Another drawback to the exhibition: while it brings up many social injustices related to “race,” it barely touches on racist-inspired genocide. Hitler’s virulent racism is mentioned; much of it was based on Darwinian thinking (“survival of the fittest” as carried out by Nazi Germany), but that connection is omitted. The exhibition chose to concentrate on racial prejudice in America and not the most extreme form of racism: genocide around the world.
Another drawback (and perhaps it’s a surprising one to be offered up by a Bible-upholding ministry like Answers in Genesis): the exhibition barely touches on the shame of the church as it relates to how Christian leaders fostered racism in the culture (which is discussed in the Ken Ham/Charles Ware book Darwin’s Plantation [now printed under the title One Race One Blood]).
Interestingly, for an exhibition that uses scientific research to make its evolutionary claims, it acknowledges one of the negative impacts of previous anthropological research on race relations. The exhibition describes the scientific advances in the 1700s and 1800s when there was great activity to classify all living things. But such work only led to an exacerbation of the physical differences among people and created more of a gulf between people who looked dissimilar. Soon, the word “race” to describe people of different appearance came about. It is a relatively recent invention, says the exhibit. Previously, “race” referred to people groups in countries (e.g., the Irish “race”).
Does the exhibition succeed in its goal of helping “individuals of all ages better understand the origins and manifestations of race and racism in everyday life by investigating race and human variation through the framework of science”?3 Largely, yes, but not as it relates to the ultimate “origins” question of the races, for there is an unfortunate evolutionary backdrop to many of the displays. Evolution, however, adds nothing to the exhibition.
The various subgroups we see around the world today remain virtually identical genetically to each other except for superficial, on-the-surface physical traits like skin shade and type of eyelids. Just as the exhibit concluded that there is really only one race, the human race, it corresponds to the biblical teaching that we are all of “one blood” (Acts 17:26). Scripture distinguishes people by tribal or national groupings, not by skin color or physical appearance. Clearly, though, there are groups of people who have certain features (e.g., skin shade) in common, which distinguish them from other groups. We prefer, though, to call these “people groups” rather than “races.” Using the words people groups also helps avoid the evolutionary baggage often associated with the word race.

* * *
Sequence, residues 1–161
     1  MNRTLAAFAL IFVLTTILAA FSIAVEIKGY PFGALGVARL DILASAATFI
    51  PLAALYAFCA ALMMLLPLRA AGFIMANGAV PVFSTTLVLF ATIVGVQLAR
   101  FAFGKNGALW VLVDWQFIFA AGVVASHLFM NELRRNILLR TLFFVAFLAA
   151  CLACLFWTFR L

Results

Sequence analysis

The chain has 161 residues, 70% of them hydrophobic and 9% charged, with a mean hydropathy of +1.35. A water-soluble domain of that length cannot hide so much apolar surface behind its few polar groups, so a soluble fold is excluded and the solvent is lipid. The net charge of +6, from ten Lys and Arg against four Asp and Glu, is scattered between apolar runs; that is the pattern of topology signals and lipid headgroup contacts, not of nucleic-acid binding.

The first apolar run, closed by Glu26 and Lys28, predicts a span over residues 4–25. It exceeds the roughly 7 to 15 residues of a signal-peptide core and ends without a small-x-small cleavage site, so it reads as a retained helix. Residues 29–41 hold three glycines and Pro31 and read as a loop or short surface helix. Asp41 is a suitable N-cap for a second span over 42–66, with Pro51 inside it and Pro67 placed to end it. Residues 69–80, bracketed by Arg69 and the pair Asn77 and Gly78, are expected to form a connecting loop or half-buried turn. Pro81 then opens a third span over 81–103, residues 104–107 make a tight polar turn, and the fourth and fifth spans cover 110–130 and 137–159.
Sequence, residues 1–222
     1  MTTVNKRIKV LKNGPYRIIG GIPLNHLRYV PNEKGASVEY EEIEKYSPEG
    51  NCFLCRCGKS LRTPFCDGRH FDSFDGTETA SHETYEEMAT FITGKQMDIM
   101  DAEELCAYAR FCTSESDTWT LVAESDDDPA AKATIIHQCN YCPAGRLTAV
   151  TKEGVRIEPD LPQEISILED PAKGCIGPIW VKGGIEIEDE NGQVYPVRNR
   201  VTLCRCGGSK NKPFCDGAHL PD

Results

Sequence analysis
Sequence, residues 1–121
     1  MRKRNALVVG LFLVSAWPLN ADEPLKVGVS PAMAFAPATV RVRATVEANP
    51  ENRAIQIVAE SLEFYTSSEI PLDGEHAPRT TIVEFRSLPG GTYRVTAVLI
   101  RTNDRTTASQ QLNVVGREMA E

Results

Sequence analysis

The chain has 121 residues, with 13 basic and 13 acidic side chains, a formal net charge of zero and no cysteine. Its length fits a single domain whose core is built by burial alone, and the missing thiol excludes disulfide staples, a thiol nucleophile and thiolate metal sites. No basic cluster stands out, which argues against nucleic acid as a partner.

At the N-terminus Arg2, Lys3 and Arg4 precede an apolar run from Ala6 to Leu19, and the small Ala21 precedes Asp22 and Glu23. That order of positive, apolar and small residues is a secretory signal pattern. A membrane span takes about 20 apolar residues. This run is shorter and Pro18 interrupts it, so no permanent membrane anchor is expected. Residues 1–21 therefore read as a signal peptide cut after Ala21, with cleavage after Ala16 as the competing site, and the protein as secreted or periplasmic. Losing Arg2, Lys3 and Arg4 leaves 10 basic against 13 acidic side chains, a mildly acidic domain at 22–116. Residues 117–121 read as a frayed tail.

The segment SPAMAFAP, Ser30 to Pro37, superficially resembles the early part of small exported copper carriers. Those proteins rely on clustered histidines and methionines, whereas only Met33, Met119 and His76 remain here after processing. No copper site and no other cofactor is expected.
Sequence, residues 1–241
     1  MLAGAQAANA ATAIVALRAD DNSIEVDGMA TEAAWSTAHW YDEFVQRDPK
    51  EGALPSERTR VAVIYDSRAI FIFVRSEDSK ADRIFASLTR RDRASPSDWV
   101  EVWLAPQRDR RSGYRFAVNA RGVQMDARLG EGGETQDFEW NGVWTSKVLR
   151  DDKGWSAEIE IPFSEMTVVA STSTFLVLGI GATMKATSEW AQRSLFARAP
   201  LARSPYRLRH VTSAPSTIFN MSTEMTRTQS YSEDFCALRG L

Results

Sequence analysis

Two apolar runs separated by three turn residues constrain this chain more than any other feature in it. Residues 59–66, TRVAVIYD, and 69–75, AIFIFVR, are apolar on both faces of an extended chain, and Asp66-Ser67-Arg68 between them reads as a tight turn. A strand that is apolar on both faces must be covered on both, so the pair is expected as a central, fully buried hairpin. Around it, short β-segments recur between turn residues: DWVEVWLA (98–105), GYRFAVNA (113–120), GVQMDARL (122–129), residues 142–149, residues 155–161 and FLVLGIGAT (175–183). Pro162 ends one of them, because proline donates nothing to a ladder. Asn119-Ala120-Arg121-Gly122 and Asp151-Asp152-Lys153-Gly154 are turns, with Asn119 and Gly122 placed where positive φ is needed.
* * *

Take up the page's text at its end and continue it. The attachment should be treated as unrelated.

This stunning Art Deco building in Cincinnati (formerly a large train station) houses three museums and an Omnimax theater. It currently hosts a traveling exhibition on races.
The Bible is actually confirmed by science and this special exhibition when it’s shown that the DNA of any two people in the world would typically differ by much less than one percent. Accordingly, we should not be surprised that all people are classified by biologists as belonging to one species: Homo sapiens.
Over the next several years, this traveling exhibition will stop in many other cities, with Philadelphia and Los Angeles coming later this year. I am biased, of course (we all are when it comes to our thinking of human origins), but the best exhibit in our region on anthropology—plus one that provides the only true remedy for racism (the Bible’s teachings)—is found inside our Creation Museum. For all the positive elements that can be found in “RACES: Are we so Different?,” the exhibition pales in comparison to what is presented in the Creation Museum, both in its science and in its worldview.
Editor’s note: The Cincinnati Museum Center is now preparing its next major exhibit—on dinosaurs. It will doubtless be presented in an evolutionary context (as its promotional material suggests). We hope that visitors to this dinosaur show will make the 25-minute drive to the Creation Museum in northern Kentucky where an impressive array of animatronic dinosaurs and other exhibits present a different—and more satisfying—explanation about the origin and disappearance of these magnificently designed creatures.